by Lynn on January 29, 2015

in The Passionate Playgoer

At the Bluma Appel Theatre, Toronto, Ont.

Written by Sharr White

Directed by Daniel Brooks

Designed by Judith Bowden

Lighting by Michael Walton

Sound by Richard Feren

Projections by Jamie Nesbitt

Starring: Joe Cobden

Tasmin Kelsey

Haley McGee

Jim Mezon

A psychological drama about a woman whose world is spiralling out of control when she has a mental episode at a science conference.

The Story. Juliana Smithton is the narrator of the play.  She begins by saying that “The first glimmer of it comes on a Friday.”  She is a celebrated scientist working on a drug that will provide a breakthrough in the treatment of dementia.  The word is never actually said in her presentation. She is presenting her findings to a medical convention in St. Thomas. She is direct, highly intelligent, caustic, sarcastic, funny and brittle. She sees a young woman in a yellow string bikini among the throng of doctors and somehow decides to pick on her, although Juliana knows it’s wrong.

That ‘first glimmer’ of whatever it is that is bedevilling her results in Juliana flying home. Her husband Ian arranges an appointment with Dr. Cindy Teller who is trying to find out what the problem is with Juliana. Juliana thinks it’s brain cancer because it’s in her family. It becomes obvious that it’s different. Her husband Ian, an oncologist, knows it’s not cancer.

Juliana is convinced Ian is going to divorce her. She wants to contact her estranged daughter and son-in-law and calls them. Or does she? She wants to go to their Cape Cod house, referred to as ‘the other place’ but Ian dissuades her with concern and frustration until he has to blurt out that it was sold years before.

There is something wrong with Juliana. Sharr White, in his intriguing play takes us on a provocative unsettling journey to find out what that is.

The Production. Designer Judith Bowden’s set is elegant, spare, stylish and gives the sense of richness, whether it’s Ian and Juliana’s house, the medical office of Dr. Teller, or the beloved Cape Cod house. The colour tones are muted; the furniture is ultra modern. Michael Walton’s precise lighting instantly sets up different locations with forms of light indicating windows here, a door there, the past or the present.

This is a production of space. Characters are separated by space both literally and figuratively. Director Daniel Brooks has staged the play with geometrical patterns—first characters pass each other without looking at the other. Then one character might walk at right angles away from another character. This focuses on the loneliness and separateness of Juliana and Ian and isolates Juliana as her disease goes from ‘a glimmer’ to taking hold.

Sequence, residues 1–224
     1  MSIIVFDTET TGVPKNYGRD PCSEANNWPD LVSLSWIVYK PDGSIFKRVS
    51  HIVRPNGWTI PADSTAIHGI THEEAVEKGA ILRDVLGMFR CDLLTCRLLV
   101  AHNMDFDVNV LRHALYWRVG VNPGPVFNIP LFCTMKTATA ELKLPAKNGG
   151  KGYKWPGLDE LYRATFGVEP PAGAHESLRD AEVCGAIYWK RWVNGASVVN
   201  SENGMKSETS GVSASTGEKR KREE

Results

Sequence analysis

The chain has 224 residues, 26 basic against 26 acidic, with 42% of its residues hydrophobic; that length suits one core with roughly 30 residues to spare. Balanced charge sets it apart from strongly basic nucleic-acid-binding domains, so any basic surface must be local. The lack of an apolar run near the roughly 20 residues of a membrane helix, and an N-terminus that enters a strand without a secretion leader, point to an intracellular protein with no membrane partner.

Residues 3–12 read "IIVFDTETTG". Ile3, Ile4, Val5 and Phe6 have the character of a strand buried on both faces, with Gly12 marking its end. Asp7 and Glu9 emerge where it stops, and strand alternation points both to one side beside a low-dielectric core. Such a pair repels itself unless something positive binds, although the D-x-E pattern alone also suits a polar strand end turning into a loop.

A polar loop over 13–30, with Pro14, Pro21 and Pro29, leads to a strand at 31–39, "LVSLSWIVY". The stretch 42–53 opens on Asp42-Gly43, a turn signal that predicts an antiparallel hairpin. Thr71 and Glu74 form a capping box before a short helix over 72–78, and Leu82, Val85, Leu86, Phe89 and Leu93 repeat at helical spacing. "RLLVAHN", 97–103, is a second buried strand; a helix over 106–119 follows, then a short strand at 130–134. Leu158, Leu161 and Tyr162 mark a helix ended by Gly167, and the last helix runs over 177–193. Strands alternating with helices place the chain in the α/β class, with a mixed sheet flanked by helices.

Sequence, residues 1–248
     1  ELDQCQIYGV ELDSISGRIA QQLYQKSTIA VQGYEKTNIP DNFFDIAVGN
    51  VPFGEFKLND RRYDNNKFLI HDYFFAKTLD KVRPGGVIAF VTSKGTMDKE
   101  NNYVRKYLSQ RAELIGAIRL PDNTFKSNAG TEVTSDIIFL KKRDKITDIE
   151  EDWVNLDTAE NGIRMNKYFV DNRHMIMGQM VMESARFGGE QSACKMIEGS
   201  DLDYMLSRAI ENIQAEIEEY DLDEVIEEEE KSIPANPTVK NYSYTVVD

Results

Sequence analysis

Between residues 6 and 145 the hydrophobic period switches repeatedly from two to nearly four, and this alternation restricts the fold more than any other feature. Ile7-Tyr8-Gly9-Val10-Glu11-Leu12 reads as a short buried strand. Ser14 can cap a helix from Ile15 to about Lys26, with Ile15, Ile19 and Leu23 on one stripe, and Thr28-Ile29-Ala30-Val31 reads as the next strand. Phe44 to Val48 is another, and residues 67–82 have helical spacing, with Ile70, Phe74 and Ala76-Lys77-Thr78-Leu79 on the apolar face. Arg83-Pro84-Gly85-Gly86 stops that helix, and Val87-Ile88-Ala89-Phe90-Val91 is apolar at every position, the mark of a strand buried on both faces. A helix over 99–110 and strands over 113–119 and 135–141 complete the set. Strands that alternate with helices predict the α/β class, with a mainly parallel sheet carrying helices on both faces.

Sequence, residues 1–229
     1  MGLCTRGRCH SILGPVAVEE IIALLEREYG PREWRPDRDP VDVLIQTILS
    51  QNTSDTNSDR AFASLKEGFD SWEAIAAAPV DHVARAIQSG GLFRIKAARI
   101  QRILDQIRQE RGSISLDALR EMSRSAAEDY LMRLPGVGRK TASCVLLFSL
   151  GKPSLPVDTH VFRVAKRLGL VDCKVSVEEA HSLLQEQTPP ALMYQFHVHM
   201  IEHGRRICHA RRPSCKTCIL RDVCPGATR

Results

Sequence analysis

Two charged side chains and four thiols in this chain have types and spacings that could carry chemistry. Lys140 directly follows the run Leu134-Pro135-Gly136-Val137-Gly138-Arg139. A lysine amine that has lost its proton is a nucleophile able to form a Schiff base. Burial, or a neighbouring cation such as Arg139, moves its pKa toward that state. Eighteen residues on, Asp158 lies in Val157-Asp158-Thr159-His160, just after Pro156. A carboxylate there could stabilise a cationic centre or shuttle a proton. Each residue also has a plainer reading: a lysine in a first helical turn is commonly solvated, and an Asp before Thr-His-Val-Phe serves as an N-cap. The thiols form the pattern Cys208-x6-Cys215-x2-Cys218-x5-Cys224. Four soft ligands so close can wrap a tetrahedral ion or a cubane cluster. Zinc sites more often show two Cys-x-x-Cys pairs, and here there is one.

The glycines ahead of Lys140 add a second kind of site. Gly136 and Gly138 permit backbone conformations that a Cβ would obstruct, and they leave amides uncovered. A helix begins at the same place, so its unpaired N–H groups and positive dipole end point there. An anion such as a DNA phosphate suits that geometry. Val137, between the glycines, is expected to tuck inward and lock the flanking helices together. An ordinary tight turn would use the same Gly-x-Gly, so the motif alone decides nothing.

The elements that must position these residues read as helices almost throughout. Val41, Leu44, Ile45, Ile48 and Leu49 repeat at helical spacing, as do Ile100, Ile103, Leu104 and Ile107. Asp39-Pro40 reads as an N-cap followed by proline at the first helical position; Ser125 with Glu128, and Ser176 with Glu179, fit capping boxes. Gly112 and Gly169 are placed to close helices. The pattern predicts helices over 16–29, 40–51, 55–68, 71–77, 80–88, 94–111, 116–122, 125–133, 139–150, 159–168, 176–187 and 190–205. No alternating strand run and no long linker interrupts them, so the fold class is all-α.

Then there is the problem of establishing Juliana’s loosening grip on reality and memory. She has fashioned a whole idea that Ian is divorcing her and no matter how firmly and passionately he says he isn’t, she can’t grasp the idea. She imagines that her long-absent, estranged daughter and son-in-law are eager to make contact. The reality is chilling.

There are two scenes at the other place. It seems like they take place in different time periods, or do they? A wonderful bit of physical business gives us a clue. For a bit of one scene and all of the next Juliana has a portion of her green blouse untucked from her slim skirt. The continuity of that one detail from one scene to the next scene, both in the other place,  suggests that Juliana’s grip on reality has slipped badly.

Judith Bowden’s costumes say everything about the four characters, especially about Juliana. She wears a very slim jacket and skirt, the striking green blouse and formidable high heels. This is a woman who impresses and overpowers with her look and her brains.

The acting is superb. As Juliana, Tamsin Kelsey captures all the brittleness and sharpness of the woman. Juliana knows she picks on people she finds weak and that woman in the yellow bikini is her latest target. The performance goes from a woman in control to one who slowly gets it, that something is wrong.

As Ian, Jim Mezon is a loving, frustrated man trying to deal with something he can’t fix. It’s so interesting living in an age when so much is known about dementia and yet seeing characters who still don’t know how to deal with the disease, no matter how knowledgeable. Haley McGee plays three parts: Dr. Teller, Laurel and The Woman. Each is distinct, their attitudes and looks are totally different. With a different costume and a different way of arranging her hair (and no other make-up) McGee clearly distinguishes each character. Joe Cobden also plays two parts, equally as distinct.

Comment. We certainly have seen a lot of plays of late that focus on disease: Waiting Room, HER2, and now The Other Place. The Other Place is the most mysterious.  We are deliberately kept unbalanced as to what is really happening with Juliana.

Sharr White has written an intriguing, compelling play about a woman spiraling slowly out of herself. Daniel Brooks and his cast and creative team have presented a gripping production of it.

Canadian Stage Presents:

First performance: Jan. 18, 2015

Soonest I could see it: Jan. 28, 2015

Closes: Feb. 8, 2015

Cast: 4; 2 men, 2 women

Running Time: 85 minutes.

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